Dealing with Body Image Issues & Sexism - Steph Montalbano

This is my second interview, originally posted on Instagram TV, for the purpose of normalizing hardships women experience, and creating a community where women can learn about various topics they may relate to. In the past, women weren’t welcome to share hard details of their life, but we’ve come to a place in society where it is getting better, and these discussions can hopefully further normalize them!

Steph Montalbano is 22, a fireball of fun, and the absolute queen of mental health. She's the friend who will always listen to your problems, encourage you, and truly be there for you. She's basically everyone's personal therapist in the best way. I've known Steph for around 7 years, and she's been through so much to get where she is today. Even though this interview is about her difficulties with accepting her body, she's still one of the most body positive people I know. Watching her overcome so many obstacles is truly inspiring, and I know her future is very promising and bright!

Question 1: What have you done/what are you doing to overcome struggling with body image?

Steph: “I still struggle with it everyday. It’s a conscious effort to talk back to myself when I’m not being nice to myself. I found a brand that empowers people with a vulva to love their bodies. Through my work with her I’ve been able to gain some respect for [my body]. I self-harmed in the past when I didn’t have any respect for myself. I thought, ‘I don’t value myself, so why should I treat it well?’ I finally got to a place where I didn’t want to treat myself badly and started seeing a therapist!”

Amrit: “Another thing people may not realize is body image issues don’t apply to one body shape. Practically every single person has body image issues. It doesn’t matter if someone looks perfect to you - they probably hate so many things about themselves.”

Question 2: What do you do daily to turn your experience into something positive?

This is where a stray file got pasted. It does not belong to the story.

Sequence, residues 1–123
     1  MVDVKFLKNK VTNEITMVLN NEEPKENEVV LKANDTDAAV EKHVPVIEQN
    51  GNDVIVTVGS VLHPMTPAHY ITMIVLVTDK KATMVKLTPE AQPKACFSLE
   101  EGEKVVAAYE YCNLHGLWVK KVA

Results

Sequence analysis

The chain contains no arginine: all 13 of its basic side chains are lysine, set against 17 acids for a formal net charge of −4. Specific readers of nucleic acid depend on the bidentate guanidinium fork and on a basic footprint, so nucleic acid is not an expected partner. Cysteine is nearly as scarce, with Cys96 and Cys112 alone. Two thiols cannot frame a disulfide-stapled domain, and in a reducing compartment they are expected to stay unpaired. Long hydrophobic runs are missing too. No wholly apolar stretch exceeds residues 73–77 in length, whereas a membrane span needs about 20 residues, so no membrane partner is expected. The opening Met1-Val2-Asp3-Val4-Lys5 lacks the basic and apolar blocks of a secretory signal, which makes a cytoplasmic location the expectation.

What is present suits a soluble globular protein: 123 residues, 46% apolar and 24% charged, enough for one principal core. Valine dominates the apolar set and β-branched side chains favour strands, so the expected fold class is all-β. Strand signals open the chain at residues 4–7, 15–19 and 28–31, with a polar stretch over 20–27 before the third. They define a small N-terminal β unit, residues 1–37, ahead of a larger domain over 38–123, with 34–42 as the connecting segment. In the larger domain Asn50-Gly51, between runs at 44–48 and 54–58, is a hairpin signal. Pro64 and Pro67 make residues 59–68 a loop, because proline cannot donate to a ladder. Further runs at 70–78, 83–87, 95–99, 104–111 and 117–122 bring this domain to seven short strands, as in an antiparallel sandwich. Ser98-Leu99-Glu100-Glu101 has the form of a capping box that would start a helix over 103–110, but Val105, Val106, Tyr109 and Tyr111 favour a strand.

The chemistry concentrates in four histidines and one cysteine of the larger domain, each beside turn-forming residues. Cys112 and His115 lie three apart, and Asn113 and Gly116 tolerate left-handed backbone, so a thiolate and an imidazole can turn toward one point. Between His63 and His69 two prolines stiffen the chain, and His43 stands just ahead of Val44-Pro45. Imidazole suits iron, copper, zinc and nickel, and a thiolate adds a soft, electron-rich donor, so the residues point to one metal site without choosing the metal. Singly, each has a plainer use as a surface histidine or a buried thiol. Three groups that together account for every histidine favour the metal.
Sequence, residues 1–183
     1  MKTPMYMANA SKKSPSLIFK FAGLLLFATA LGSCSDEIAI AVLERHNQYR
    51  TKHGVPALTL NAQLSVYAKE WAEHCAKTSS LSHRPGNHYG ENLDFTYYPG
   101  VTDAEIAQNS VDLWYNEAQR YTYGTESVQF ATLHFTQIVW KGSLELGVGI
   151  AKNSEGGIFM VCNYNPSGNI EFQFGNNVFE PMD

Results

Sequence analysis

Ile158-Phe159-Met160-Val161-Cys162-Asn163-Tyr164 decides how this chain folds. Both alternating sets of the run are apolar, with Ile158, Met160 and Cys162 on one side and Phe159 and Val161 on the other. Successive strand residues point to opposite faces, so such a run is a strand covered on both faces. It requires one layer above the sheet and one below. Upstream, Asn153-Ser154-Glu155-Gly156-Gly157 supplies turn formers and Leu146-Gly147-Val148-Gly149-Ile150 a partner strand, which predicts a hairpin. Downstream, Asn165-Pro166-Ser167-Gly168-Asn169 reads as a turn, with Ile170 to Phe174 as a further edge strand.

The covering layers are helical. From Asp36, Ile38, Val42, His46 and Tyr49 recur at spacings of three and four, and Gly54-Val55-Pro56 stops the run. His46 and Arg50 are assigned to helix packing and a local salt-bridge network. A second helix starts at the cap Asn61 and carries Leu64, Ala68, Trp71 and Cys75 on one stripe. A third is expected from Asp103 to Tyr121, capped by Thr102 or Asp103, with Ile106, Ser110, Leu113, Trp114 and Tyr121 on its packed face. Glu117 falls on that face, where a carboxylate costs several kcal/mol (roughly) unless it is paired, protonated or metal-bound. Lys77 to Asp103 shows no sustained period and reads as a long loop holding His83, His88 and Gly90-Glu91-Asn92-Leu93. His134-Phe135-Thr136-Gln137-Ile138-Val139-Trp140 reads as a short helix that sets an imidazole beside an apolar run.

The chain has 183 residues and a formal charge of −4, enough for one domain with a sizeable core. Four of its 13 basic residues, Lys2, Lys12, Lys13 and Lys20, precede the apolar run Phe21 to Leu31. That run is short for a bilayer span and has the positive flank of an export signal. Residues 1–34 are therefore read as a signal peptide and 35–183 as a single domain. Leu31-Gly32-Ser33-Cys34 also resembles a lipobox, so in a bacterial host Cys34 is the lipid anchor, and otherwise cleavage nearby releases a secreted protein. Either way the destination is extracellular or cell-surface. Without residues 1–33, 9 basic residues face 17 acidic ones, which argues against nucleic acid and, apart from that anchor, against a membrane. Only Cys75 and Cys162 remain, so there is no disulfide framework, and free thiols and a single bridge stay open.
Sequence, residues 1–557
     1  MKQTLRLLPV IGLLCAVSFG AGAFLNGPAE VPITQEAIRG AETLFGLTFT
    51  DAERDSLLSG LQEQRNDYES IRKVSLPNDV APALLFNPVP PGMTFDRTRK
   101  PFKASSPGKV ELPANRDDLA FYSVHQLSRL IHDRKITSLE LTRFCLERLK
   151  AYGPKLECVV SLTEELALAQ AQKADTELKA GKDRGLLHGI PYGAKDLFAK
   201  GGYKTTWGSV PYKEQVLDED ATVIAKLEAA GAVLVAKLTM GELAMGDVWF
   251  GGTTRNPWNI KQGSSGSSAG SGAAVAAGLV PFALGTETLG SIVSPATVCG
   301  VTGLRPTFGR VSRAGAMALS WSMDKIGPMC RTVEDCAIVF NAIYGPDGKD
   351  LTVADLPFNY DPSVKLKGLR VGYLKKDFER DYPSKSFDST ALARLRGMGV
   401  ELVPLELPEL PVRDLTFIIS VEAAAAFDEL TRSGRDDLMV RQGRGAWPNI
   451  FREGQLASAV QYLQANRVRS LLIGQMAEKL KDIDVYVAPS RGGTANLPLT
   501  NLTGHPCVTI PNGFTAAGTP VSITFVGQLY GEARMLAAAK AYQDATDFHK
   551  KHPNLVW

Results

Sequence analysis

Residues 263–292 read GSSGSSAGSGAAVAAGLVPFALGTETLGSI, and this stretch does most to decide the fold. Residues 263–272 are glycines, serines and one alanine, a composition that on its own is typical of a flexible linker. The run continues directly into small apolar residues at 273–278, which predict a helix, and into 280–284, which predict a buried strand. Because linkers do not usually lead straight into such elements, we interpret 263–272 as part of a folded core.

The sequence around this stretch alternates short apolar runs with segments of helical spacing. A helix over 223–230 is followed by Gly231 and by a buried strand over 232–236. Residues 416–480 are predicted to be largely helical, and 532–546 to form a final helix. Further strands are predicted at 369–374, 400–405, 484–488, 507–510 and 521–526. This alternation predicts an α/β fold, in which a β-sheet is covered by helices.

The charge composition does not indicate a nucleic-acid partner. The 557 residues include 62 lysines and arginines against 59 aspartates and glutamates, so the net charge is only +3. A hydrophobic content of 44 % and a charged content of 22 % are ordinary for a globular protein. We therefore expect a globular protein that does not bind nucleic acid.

Steph: “I struggle with a lot of mental health issues, so it’s harder for me to do things like go for a walk, things like that. It makes me feel like I’d rather just do nothing for myself. But now it’s like I respect myself enough, so I’ll meet myself where I’m at. Even just sitting outside for thirty minutes, reading, coloring, etc. Something that honors your body where it’s at.”

Amrit: “Yeah sometimes you can’t push it too far. You can have a million things on your to-do list, but it’s okay to just not push it.”

Question 3: Do you think you’d experience body image issues if you were a man?

Steph: “I do think men experience body image issues, but I do think a man’s body type is more put in a sexualized manner, like whether they have abs. Women have to deal with everything, like whether or not their eyebrows are done, or they have hair on their arms, every little thing. It’s why we feel such a need to diet, exercise, and change normal parts about our body.”

Amrit: “Yeah, the standard body type changes - in the 1920s that “ideal” body type is completely different than it is now, so why should we conform if it’s just going to change?”

Steph: “Exactly, it’s always going to be changing on us.”

Question 4: What are some sexist things you’ve experienced in life? It can be important to talk about so people can get an idea of who is doing it, why, etc.

Steph: “Being someone who’s attracted to women, men on the street have commented how we ‘need a man in the relationship,’ or that our relationship isn’t valid because one of us doesn’t have certain body parts. It felt like they were saying ‘you as a woman aren’t enough’ which is ridiculous. And then, I’ve only experienced this a handful of times, but when coworkers, men on the street, give you the shoulder touch, or touch your waist as they walk past you. It’s like there’s no need for you to lay your hands on me. Zero!”

Question 5: How would you like to see society change to better support women?

Steph: “Film and social media. Typically you see a cis white woman, because that’s what it’s been for so long. That’s a little problematic because you’re not thinking of everyone. You’re not including every single minority. I believe that by representing those minority groups, it will create a platform for younger women to feel comfortable being themselves. Also, it’s not social media influencers that are minorities, they don’t get the same type of platform. It’s crucial that younger women seeing representation and even older women are feeling represented.”

Click here for Steph's Instagram



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